Typhani Harris | October 2014

Standard 3: Lessons & Assessments

This month we will be looking at Standard_3 :Refine and Complete Artistic Work

Anchor standard 3 focuses on the artistic process of creating with the component of revision.  The enduring understanding is how choreographers analyze, evaluate, refine, and document their work to communicate meaning. Although the anchor standard does not change as the grade level progresses the expectation continues to advance.

In unpacking this standard we need to analyze what our students need to know, understand, and be able to do. However, we have two major concepts in this standard, revising work and documenting work, so we will just focus on one.  First we need to define the language used in the standard:

Artistic Intent: the artists’ purpose behind the work and intended message to the audience
Choreographic Devices: ways to develop and fill out movement seeds
Dance Structure: framework by which a piece is organized
Artistic Criteria: an agreed upon list of standards and expectations for the piece

Our students need to understand this language, as well as understand the multiple ways they can revise their own work and provide suggestions for revising a peers work.  Let’s revisit last month’s lessons and assessment for Anchor Standard 2: Organize and develop artistic ideas and work, and use this lessons and assessment as a jump off point for today’s lesson (click here for the full article).

Lessons Plan/Assessment (Anchor Standard 2)

Grade: 9-12
Materials: newspapers or electronic access to current events
Pre-Instruction: students should have a concrete understanding of structures, devices, and composition of artist statements.

Title: My World

Established Goals:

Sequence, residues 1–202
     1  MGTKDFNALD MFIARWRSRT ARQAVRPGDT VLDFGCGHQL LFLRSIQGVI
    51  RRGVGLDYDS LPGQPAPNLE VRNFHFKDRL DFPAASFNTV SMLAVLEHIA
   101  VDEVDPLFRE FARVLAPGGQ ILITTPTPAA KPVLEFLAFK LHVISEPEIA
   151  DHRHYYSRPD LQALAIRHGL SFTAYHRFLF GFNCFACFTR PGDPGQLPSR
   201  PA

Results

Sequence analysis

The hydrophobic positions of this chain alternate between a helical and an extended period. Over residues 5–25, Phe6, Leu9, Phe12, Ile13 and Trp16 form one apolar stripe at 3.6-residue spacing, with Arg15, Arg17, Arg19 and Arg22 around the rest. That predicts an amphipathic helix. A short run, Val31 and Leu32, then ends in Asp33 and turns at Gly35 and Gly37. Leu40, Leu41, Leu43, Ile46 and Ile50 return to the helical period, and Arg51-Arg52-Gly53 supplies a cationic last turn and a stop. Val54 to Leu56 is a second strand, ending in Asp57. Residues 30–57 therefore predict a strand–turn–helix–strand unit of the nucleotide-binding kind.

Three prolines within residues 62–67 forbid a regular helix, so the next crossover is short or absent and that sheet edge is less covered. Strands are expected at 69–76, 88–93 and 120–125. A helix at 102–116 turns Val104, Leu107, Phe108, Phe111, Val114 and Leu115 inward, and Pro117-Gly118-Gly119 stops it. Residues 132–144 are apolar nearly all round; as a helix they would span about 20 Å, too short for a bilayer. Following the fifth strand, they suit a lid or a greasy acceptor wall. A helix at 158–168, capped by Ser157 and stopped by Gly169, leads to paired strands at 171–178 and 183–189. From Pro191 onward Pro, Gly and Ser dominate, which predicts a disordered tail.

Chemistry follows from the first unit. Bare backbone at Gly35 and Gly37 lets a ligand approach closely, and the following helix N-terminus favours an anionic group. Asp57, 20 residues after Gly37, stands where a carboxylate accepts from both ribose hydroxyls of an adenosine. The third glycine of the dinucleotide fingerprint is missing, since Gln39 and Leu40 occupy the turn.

a. Collaborate to design a dance using choreographic devices and dance structures to support an artistic intent. Explain how the dance structures clarify the artistic intent.
b. Develop an artistic statement for an original dance study or dance. Discuss how the use of movement elements, choreographic devices and dance structures serve to communicate the artistic statement.

Enduring Understanding: What influences choice-making in creating choreography?

Essential Question: How does the use of choreographic structures and devices articulate artist intent?

Objectives: Students will translate current events into movement that articulates their stance on the issue chosen.

Performance Task: Through a movement sample and a defense of choreographic choices via an artists’ statement, students will demonstrate understanding of the use of structures and devices to depict a stance on a current issue.

Learning Activities:

1. Have students research current events that they are passionate about.
2. Either individually or in small groups, have students choose one event to depict their stance through movement.
3. Build an artist intent based on their stance. What comment do they wish to make about the issue?
4. Have students make artistic choices based on their stance. What structure would work best to articulate their opinion? What elements will enhance their perspective? What devices will communicate their thoughts?
5. Have students build movement revolving around their intent.
6. Once the study has been composed, have students write an artist statement describing and defending their decisions.